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Statement in response to joint review into the death of ‘Margaret’

Cornwall Council accepts the findings of the combined Domestic Homicide Review and Safeguarding Adults Review published today (January 26, 2021) into the death of an 88-year-old woman who died in February 2017.

The joint review is published by the Cornwall and Isles of Scilly Safeguarding Adults Board and the Safer Cornwall partnership after detailed involvement with the woman’s family.

To protect her identity the report refers to her as ‘Margaret’ which is not her real name.

The report states that Margaret was found deceased at home by a GP and adult social care case coordinator. Her husband was charged with murder and later diagnosed with Alzheimer’s disease and deemed unfit to stand trial. He was convicted of murder.

Cornwall Council portfolio holder for adults Cllr Rob Rotchell said: “We apologise to Margaret and her family and friends and give them our heartfelt condolences. We recognise the distress that the incident and this subsequent review brings, particularly so long after Margaret’s death.

“This report looks in close detail at the circumstances leading up to Margaret’s death and highlights how organisations which supported her needed to improve to identify and act on serious concerns around domestic abuse, isolation and welfare earlier so that incidents like this could be prevented. 

“In the four years since this review started, we have carefully reviewed and learnt fully from its findings and implemented all its recommendations, improving how our health and care professionals share and escalate safeguarding concerns and better equipping them with the skills and expertise to spot the signs of domestic abuse at an early, preventative stage.”

The Safeguarding Adults Board and Safer Cornwall, made up of agencies including Cornwall Council and Devon and Cornwall Police, have put in place and started implementing a joint action plan in response to the review. These actions include:

  • Setting up a consistent approach to reporting concerns through one source, the High Risk Panel, to protect individuals potentially at risk. Made up of Cornwall Council’s adult social care services, NHS Kernow Clinical Commissioning Group, Royal Cornwall Hospitals Trust, Devon and Cornwall Police and other agencies, the panel enables professionals to discuss detailed support for individuals who are causing high levels of concern or at risk of self-neglect and need a focussed and co-ordinated approach across several agencies in order to protect and support them.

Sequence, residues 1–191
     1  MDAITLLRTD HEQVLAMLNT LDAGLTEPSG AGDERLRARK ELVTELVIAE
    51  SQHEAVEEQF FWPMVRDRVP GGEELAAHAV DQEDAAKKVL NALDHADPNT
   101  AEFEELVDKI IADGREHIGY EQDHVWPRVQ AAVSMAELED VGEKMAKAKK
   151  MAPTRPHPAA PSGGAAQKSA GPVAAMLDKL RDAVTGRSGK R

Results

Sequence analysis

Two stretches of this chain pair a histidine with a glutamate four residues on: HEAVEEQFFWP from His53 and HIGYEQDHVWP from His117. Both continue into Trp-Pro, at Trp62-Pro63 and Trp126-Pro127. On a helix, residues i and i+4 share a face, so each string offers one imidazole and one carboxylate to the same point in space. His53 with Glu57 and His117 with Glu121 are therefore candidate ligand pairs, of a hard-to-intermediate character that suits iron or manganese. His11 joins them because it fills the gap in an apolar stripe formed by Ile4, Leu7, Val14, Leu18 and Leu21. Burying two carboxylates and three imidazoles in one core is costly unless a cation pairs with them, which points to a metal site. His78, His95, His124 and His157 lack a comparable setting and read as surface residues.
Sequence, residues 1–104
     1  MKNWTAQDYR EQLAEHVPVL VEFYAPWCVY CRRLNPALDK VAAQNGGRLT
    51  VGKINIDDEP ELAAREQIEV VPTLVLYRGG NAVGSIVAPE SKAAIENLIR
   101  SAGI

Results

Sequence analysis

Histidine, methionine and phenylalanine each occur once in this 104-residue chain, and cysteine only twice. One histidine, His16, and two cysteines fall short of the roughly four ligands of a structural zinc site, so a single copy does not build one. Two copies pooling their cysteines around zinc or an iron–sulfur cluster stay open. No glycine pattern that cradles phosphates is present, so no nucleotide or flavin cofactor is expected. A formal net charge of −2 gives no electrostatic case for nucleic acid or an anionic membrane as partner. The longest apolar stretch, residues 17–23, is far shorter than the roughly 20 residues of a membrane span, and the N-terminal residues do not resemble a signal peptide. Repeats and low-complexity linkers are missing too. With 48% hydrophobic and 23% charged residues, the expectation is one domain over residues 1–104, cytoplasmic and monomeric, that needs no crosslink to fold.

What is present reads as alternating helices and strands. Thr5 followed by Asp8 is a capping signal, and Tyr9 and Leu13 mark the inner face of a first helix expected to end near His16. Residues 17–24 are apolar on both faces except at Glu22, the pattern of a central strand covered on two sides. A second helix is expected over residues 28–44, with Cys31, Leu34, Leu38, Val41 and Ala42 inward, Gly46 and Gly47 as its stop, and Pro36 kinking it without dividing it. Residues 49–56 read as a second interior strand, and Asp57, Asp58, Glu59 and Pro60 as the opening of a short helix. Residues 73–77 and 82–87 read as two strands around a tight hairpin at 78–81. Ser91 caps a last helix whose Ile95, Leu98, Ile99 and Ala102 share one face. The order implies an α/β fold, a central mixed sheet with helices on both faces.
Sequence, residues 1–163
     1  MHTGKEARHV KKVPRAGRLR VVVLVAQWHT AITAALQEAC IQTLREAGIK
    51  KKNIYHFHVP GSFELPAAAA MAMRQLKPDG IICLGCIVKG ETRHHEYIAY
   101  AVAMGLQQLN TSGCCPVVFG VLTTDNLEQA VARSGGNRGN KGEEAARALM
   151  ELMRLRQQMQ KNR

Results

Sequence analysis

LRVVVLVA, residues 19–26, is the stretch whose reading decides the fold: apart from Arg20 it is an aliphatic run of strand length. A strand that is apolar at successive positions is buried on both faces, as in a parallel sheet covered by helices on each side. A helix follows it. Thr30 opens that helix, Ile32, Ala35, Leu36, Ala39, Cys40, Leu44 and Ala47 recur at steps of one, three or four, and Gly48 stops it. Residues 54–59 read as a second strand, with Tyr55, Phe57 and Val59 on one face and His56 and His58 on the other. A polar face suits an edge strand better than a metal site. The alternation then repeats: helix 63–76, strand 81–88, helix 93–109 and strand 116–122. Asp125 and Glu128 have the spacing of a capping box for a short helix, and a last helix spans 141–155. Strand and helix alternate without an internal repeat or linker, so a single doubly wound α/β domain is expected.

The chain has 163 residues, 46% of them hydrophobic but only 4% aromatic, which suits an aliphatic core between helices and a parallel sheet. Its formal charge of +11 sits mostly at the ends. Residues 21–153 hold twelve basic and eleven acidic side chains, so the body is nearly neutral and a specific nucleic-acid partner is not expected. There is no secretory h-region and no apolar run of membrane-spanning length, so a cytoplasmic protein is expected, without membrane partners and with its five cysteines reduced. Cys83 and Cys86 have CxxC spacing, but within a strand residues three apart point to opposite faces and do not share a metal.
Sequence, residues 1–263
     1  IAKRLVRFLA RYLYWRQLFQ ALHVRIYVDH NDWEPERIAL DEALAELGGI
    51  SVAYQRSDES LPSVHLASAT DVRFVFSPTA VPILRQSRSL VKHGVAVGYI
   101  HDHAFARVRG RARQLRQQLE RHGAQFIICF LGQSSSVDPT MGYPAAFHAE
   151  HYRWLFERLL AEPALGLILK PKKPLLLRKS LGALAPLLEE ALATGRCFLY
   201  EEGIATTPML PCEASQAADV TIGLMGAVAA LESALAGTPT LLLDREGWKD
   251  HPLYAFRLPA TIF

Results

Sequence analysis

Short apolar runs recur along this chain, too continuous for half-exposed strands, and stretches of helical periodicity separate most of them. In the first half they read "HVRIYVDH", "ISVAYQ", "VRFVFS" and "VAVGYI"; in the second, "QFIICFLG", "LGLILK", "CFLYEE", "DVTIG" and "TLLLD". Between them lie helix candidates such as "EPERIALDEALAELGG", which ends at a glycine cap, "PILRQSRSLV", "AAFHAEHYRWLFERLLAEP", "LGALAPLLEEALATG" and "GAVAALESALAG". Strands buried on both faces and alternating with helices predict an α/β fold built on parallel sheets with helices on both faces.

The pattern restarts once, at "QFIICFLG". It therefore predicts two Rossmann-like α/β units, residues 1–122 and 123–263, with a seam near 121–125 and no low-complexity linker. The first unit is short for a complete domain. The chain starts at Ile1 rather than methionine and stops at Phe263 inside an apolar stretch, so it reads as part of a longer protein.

• Creating a new, primary care identification and referral system so that all primary care staff have increased awareness of domestic abuse signs and can identify and respond to concerns earlier.
  • New training in identifying domestic abuse in older people so frontline staff from all agencies can identify and escalate concerns earlier and start interventions swiftly to protect individuals at risk.
  • Reviewing internal Council processes and safeguarding guidance for staff working with vulnerable people so issues of consent are clearer.
  • Piloting a new, Safer Cornwall programme in Newquay to give specialist support to older people affected by domestic abuse, including new staff training, support systems, better awareness and communication and adapting service provision.

Helen Charlesworth May, Joint Accountable Officer for Public Health and Care for Cornwall Council and NHS Kernow, said: “My deepest apologies go out to Margaret’s family. We would also like to thank them for taking part in the review to help us identify what needed to change locally to prevent domestic abuse.

“This case underlines how older people can become isolated very quickly if their health or social circumstances begin to deteriorate and they are at even greater risk if they are unable to seek help because of their isolation. All our services need to vigilant in identifying the signs of domestic abuse in older people which can be hidden, particularly when additional vulnerabilities such as dementia are present.

"We have worked to significantly increase our health and care practitioners’ understanding of early signs of isolation, domestic abuse, deteriorating physical health or mental health such as dementia, and welfare concerns, so they can take action on any concerns at an early and preventative stage.”

Rob Nolan, Cornwall’s portfolio holder for public protection and environment, said: “It is imperative that our services are alert to the signs of domestic abuse across all age groups and this is key to reducing domestic abuse across Cornwall.

“Having additional needs such as dementia makes a domestic abuse sufferer even more vulnerable. Our aim is for all our services to be able to identify domestic abuse much earlier, intervene quickly and effectively and prevent escalation.”

The Domestic Homicide Review and Safeguarding Adults Review is viewable here.  

 

Story posted on January 26, 2021